Pizza snails

This was one of our favourite lockdown lunch creations from last May. We were still on ‘the garden’ topic at school which inspired our hummus garden toasts, but I wanted to make something with the children that felt like a proper morning’s project.

You can make the dough completely by hand, but there’s absolutely no shame in using a mixer to do the kneading or indeed a bread machine to do the whole dough stage for you. We did! I knew the attention span of my 5 and 2 year old at the time would not have stretched to 10 minutes of pumelling dough, plus it speeds along that first rise.

We tried a couple of different fillings on different days: garlic mushrooms, spinach and goat’s cheese (my hands-down winner!), and a more traditional tomato, mozzarella and olive (unsurprisingly, the children’s favourite), but you can use any of your favourite pizza toppings really. Treat the recipe below as a rough guide and get creative!

Served warm from the oven, the snails have a crisp crust and a deliciously chewy, squidgy middle.

Pizza snails

Makes 8

  • 400 g strong white bread flour, plus extra for dusting
  • 1 tsp easy blend dried yeast
  • 1 tsp fine sea salt
  • 1 tbsp olive oil
  • 4 tbsp sundried tomato paste
  • 1 handful mixed olives, stoned
  • 2 balls mozzarella, diced
  • 2 tbsp parmesan, finely grated
  • 1 egg, beaten
  • salad (snail food) to serve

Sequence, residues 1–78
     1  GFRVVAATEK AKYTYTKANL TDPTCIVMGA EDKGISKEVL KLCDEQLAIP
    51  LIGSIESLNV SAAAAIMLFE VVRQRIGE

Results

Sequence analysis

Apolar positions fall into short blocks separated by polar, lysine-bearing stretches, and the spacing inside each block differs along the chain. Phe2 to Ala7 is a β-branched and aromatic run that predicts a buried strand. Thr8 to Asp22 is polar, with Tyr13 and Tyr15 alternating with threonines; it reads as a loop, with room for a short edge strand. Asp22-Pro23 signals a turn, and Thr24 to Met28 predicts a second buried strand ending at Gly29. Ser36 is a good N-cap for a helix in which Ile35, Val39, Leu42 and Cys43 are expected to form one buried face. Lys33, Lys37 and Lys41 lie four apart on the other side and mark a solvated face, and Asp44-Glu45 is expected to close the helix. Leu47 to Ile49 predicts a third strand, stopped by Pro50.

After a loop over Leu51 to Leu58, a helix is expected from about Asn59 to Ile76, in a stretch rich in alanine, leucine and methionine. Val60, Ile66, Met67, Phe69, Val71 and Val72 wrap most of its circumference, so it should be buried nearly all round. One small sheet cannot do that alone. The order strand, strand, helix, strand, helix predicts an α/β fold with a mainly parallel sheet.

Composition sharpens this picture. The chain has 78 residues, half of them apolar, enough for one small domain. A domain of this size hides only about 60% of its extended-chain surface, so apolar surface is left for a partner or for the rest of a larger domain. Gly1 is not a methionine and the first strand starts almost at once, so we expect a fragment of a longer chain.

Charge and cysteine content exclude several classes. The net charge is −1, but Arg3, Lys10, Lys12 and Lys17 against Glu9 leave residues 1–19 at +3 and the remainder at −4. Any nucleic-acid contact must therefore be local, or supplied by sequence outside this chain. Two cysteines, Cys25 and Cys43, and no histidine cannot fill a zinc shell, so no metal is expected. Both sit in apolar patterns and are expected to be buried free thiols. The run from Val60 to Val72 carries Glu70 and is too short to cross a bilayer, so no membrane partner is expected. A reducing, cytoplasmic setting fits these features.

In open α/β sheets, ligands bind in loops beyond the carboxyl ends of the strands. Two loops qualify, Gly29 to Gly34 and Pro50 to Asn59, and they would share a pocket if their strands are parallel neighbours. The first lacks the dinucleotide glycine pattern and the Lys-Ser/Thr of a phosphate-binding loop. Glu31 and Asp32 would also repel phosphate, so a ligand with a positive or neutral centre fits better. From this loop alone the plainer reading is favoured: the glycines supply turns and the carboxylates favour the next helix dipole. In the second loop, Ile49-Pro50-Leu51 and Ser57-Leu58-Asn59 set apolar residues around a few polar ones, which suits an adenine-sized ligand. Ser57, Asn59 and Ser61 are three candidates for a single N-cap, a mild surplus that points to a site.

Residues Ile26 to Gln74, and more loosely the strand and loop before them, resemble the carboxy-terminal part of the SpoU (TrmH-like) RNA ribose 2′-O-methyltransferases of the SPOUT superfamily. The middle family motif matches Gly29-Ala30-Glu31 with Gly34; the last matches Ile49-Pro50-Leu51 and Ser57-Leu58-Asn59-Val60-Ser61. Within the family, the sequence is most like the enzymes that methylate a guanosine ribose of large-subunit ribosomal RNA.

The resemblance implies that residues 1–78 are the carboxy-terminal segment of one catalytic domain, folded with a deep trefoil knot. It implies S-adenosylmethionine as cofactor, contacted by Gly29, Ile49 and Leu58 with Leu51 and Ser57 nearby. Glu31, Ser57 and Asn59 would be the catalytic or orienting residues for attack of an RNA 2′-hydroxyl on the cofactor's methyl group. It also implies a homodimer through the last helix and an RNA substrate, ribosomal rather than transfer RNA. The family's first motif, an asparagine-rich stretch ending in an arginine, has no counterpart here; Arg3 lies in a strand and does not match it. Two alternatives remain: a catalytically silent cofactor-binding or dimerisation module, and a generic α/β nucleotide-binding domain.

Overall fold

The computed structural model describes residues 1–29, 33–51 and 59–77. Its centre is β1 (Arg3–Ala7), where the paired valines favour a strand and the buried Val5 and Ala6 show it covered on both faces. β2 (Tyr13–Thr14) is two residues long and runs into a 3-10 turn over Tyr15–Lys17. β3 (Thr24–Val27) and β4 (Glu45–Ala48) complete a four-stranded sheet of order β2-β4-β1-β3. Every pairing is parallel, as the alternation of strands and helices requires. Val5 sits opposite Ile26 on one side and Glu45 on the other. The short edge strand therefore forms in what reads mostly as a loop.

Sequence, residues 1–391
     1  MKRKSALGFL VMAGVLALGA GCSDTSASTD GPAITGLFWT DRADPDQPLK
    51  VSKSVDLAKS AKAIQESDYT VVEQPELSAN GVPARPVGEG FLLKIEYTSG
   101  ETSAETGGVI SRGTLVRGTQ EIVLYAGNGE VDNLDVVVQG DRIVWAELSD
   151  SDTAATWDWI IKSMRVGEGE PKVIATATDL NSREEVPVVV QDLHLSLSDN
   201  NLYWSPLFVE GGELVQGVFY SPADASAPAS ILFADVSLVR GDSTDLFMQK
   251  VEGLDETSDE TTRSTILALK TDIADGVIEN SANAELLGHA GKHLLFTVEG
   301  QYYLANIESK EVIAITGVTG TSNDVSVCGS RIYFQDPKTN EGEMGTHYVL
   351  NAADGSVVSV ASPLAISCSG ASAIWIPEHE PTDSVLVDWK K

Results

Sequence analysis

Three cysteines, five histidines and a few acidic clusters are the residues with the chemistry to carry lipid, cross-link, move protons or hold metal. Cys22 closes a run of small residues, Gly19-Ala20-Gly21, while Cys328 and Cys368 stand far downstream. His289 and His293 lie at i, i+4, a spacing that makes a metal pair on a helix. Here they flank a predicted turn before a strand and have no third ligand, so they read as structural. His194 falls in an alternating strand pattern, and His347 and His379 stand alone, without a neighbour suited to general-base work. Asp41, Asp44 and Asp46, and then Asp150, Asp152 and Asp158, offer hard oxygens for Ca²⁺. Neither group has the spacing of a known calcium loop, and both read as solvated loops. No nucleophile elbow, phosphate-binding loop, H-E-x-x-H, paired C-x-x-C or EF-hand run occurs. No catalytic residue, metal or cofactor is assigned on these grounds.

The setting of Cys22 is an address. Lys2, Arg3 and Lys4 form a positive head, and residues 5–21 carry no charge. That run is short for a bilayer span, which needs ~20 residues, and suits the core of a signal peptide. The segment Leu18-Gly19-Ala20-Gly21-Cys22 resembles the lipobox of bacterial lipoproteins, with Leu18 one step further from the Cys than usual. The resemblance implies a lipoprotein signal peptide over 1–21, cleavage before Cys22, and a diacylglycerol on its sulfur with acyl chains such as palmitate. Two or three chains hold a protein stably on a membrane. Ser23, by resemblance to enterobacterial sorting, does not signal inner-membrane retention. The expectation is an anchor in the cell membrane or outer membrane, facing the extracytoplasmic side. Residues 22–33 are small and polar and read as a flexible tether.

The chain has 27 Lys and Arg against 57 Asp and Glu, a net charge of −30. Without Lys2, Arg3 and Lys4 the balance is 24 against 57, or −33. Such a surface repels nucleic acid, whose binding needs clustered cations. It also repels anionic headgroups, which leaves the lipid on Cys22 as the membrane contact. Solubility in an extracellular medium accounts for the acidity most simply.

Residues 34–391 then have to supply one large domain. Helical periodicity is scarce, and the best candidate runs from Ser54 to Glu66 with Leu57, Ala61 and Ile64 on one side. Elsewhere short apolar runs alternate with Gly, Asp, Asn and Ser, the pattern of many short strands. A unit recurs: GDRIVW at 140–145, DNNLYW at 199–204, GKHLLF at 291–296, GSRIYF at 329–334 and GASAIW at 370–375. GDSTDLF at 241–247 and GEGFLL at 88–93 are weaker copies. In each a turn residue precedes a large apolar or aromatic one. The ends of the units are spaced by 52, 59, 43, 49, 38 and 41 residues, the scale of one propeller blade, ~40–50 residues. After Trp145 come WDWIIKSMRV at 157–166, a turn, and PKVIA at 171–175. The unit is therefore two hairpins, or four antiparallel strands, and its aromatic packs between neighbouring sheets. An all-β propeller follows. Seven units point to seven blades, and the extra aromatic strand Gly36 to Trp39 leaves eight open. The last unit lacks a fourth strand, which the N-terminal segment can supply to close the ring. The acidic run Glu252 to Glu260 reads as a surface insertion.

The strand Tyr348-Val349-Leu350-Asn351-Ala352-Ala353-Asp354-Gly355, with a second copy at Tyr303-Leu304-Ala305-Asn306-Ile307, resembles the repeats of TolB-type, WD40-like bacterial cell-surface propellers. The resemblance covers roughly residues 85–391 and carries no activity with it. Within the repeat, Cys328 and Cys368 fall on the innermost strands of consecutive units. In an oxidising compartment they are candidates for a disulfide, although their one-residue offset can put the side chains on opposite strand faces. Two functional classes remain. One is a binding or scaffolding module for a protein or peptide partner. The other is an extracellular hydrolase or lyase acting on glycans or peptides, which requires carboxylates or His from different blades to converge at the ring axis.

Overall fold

1. Mix together the flour, yeast, sugar and salt. Stir the oil into 280 ml of warm water then stir it into the dry ingredients.
  2. Knead the mixture on a lightly oiled surface for 10 minutes or until smooth and elastic. Leave the dough to rest, covered with oiled clingfilm, for 1–2 hours or until doubled in size. Alternatively, use the dough setting on a bread machine to mix and prove the dough.
  3. Set aside about a quarter of the dough to make the snail’s bodies. Roll out the rest of the dough on a lightly floured surface into a large rectangle. Tack down the top edge of the dough to make it easier to roll later (literally smear it onto the work top with your thumb).
  4. Spread the dough with tomato paste, leaving a gap at the top (it’s helpful to draw a do-not-cross line to remind over-enthusiastic little ones). Scatter over the rest of the toppings as evenly as possible.
  5. Roll up the dough tightly, starting with the edge closest to you, then tack it closed to seal. Use your sharpest knife to cut the roll into eight equal pieces, then transfer them to two greased, lined baking trays.
  6. Divide the reserved piece of dough into eight pieces and roll each one into a sausage. Snip the end into two antennae and add to the snail shells.
  7. Put the baking trays into proving bags if you have them (or large clean carrier bags if you don’t) and leave to rise somewhere warm for 1-2 hours or until doubled in size. If mine need a little encouragement, I sometimes pop a (not-too) hot water bottle underneath.
  8. Preheat the oven to to 220°C (200° fan) / 425F / gas 7. Remove the proving bags and brush the snails carefully with beaten egg. Bake for 15 minutes or until golden brown and cooked through to the centre. Delicious served warm, but still lovely at room temperature.
  • Store any leftover snails in a zip-lock bag in the freezer. Defrost then revamp with 8 minutes in a moderate oven.
  • You can use pesto in place of the sundried tomato paste or try stirring a little Dijon mustard into some creme fraiche for a pizza bianca vibe.
  • For the mushroom filling, saute diced mushrooms with garlic in butter until browned. Stir in a few handsful of spinach and cook until wilted. Leave to cool completely before scattering over the dough with cubes of goat’s cheese, chopped walnuts, chopped parsley and a sprinkle of parmesan.

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